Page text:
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Naphtha VM&P Features:
- Naphtha Structure: Light naphtha is the fraction boiling between 30 °C and 90 °C and consists of molecules with 5–6 carbon atoms. Heavy naphtha boils between 90 °C and 200 °C and consists of molecules with 6–12 carbon atoms.
- Naphtha is an excellent thinner for oil based paints, stains and varnishes.
- Naphtha CAS #: 64742-95-6
- Varnish Maker, Painter's Naphtha, Naphtha Thinner
- Solvent Naphtha, or Naphtha, is a flammable liquid distillate containing principally xylenes and higher aromatic hydrocarbons and usually boiling higher than ligroin, obtained especially from coal-tar light oils or coke-over-gas light oils or from petroleum cracking, and used chiefly as a solvent and as a raw material for coumarone-indene resins.
- Uses: Naphtha is used to dilute heavy oil to help move it through pipelines, to make high-octane gas, to make lighter fluid, and even to clean metal. Naphtha is used for industrial purposes as fuel and as a solvent.
- Buy A 1 Gallon (4 Liter) Bottle Of Naphtha Online In The USA For $76 From Lab Alley.
- Buy A 5 Gallon Pail Of Naphtha Online In The USA For $226 From Lab Alley.
- Naphthalene vs Naphtha: Naphthalene is a different chemical substance than Naphtha. Naphthalene is an organic compound with formula C10H8. It is the simplest polycyclic aromatic hydrocarbon, and is a white crystalline solid with a characteristic odor. Learn more about Naphthalene here. Learn more about Naphtha here.
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- Naphtha is a flammable liquid hydrocarbon mixture.
- Solvents such as Naphtha, Ethanol and Petroleum Ether are used to extract oil from medicinal plants and botanical herbs.
- Shale naphtha is obtained by the distillation of oil produced from bituminous shale by destructive distillation.
- Petroleum naphtha is a name used primarily in the United States for petroleum distillate containing principally aliphatic hydrocarbons and boiling higher than gasoline and lower than kerosene.
- Petroleum naphtha is used as a petroleum solvent similar to mineral spirits. It can be found in various cleaning agents where its low evaporation point comes in handy and as a dilution agent for paints, varnish and asphalt. Dry-cleaning businesses also use naphtha in their operations.
- Naphtha, any of various volatile, highly flammable liquid hydrocarbon mixtures used chiefly as solvents and diluents and as raw materials for conversion to gasoline.
- Solvent naphtha (petroleum) is permitted for use as an inert ingredient in non-food pesticide products; Used in the agricultural, chemical, fuel, polymer, textile processing, and coatings (paints, lacquers, and varnishes) industries; Used in fuel additives, petroleum refining, cleaning/washing agents and disinfectants, coloring agents, lubricants additives, solvents, pesticides, and intermediates; Also used in small quantities as a diluent for wood treatment products.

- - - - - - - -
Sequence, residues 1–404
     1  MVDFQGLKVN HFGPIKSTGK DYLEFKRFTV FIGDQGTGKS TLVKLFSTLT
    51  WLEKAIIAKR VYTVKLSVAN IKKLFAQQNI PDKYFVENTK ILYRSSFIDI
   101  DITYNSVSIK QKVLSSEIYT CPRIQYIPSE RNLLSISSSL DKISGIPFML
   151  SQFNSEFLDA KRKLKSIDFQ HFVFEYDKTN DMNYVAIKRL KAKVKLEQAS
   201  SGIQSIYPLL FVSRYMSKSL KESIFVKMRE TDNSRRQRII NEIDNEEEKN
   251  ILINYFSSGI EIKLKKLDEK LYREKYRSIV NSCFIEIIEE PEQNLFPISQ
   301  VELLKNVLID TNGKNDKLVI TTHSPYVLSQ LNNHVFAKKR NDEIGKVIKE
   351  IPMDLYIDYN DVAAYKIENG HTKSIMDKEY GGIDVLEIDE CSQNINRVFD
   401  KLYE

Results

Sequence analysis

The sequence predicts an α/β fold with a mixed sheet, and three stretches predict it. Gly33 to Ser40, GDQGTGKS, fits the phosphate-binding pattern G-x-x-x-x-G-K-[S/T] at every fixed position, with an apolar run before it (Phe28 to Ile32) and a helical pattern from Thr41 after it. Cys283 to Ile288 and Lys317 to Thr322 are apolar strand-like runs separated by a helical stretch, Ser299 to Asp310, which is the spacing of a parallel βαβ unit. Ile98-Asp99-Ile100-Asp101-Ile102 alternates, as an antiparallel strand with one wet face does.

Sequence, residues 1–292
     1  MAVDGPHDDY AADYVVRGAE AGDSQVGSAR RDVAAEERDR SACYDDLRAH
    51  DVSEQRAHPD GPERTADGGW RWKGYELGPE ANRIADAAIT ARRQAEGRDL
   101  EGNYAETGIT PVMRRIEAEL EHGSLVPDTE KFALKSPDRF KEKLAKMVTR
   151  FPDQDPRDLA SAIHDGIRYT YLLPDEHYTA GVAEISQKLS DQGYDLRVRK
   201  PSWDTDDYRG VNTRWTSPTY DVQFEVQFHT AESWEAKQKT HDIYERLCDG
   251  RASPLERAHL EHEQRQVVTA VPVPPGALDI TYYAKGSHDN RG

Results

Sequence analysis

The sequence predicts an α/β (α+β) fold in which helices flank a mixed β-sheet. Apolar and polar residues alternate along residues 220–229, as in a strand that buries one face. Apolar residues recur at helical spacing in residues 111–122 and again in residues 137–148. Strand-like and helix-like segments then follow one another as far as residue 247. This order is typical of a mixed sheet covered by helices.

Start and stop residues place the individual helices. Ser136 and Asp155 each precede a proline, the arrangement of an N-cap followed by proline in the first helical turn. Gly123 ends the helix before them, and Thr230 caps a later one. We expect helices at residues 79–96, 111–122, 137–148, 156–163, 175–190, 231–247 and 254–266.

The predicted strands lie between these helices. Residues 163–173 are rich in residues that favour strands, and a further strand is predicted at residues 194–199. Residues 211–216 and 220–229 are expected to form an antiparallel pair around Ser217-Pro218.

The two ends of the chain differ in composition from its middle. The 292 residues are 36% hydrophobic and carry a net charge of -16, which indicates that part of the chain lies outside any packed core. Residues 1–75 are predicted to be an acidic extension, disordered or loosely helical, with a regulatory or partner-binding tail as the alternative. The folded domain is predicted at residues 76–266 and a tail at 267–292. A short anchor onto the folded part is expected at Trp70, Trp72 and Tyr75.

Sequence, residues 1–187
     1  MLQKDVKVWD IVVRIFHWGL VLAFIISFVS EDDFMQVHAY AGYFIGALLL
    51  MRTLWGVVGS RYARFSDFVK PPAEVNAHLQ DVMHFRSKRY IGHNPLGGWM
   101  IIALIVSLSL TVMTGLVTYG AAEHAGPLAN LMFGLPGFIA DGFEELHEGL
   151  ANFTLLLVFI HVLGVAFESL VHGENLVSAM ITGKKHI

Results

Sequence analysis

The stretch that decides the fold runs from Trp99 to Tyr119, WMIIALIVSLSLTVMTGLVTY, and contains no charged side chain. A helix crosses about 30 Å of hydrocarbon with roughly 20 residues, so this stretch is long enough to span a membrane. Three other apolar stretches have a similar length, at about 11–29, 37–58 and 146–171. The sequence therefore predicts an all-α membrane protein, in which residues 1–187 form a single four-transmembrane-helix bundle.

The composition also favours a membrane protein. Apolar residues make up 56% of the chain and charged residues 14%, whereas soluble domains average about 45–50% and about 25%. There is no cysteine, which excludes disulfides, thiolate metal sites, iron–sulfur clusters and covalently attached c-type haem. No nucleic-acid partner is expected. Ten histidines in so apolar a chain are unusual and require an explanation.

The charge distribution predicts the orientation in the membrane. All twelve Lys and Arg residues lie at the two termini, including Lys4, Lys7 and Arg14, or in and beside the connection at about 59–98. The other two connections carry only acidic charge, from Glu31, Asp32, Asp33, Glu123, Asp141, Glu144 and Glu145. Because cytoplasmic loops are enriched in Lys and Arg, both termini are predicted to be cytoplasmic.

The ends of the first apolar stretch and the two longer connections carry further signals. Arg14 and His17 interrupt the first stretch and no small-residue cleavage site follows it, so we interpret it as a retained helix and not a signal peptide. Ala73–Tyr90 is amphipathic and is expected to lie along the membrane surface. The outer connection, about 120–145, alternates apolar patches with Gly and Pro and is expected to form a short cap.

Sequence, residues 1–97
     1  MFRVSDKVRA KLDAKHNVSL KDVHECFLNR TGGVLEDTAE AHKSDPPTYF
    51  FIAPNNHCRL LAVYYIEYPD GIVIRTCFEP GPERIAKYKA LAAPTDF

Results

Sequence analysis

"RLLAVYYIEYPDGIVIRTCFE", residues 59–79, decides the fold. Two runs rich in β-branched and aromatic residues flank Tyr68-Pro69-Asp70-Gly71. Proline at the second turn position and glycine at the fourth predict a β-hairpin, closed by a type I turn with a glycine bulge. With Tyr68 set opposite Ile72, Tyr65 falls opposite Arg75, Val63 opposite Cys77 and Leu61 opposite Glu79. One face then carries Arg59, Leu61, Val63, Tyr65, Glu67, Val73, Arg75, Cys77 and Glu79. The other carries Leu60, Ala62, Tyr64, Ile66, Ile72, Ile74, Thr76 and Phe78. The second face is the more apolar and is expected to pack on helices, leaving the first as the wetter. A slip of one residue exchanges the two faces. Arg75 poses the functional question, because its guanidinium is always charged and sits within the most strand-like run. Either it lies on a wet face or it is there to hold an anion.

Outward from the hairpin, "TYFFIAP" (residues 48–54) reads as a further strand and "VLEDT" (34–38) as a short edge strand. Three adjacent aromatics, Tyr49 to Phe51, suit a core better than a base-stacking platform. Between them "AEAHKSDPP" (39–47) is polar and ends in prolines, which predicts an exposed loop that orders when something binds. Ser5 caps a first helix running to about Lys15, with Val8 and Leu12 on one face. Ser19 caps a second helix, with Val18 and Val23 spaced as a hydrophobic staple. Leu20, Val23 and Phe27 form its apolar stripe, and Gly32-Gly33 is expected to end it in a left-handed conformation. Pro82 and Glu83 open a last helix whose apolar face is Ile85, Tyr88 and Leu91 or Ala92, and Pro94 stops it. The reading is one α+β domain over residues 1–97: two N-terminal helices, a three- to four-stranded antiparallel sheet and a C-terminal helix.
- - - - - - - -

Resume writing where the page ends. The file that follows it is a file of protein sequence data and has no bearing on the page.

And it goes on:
- Naphtha Health Considerations: Humans can be exposed to naphtha in the workplace by inhalation, ingestion, dermal contact, and eye contact. The US Occupational Safety and Health Administration (OSHA) has set the permissible exposure limit for naphtha in the workplace as 100 ppm (400 mg/m3) over an 8-hour workday. The US National Institute for Occupational Safety and Health (NIOSH) has set a recommended exposure limit (REL) of 100 ppm (400 mg/m3) over an 8-hour workday. At levels of 1000 ppm, which equates to 10% of the lower explosive limit, naphtha is immediately dangerous to life and health.
- Coal-tar naphtha is a volatile commercial product obtained by the distillation of coal tar.
- Naphtha Hazards, Dangers, Poisoning And Safety Information: Naphtha chemicals can be harmful to humans in various ways. If a human's skin or eye comes into contact with naphtha, the area can become irritated and begin to swell and feel painful. Flush skin and eyes immediately after contact. Ingesting the substance causes nausea, lung damage, respiratory failure and death in some cases. In the case of ingestion, do not induce vomiting and seek medical attention immediately. As naphtha produces a strong, chemical odor, long-term exposure to it can cause respiratory and mental issues. Some scientists list it as a carcinogen. A toxic chemical, naphtha should not be drained into natural ecosystems. As most naphtha compounds give off intense, chemical aromas, they are often found in mothballs. Naphtha is flammable and can cause unexpected and dangerous fires.
Naphtha VM&P Shipping Information:
DOT: Petroleum distillate, n.o.s. (naphtha), 3, UN1268, PG II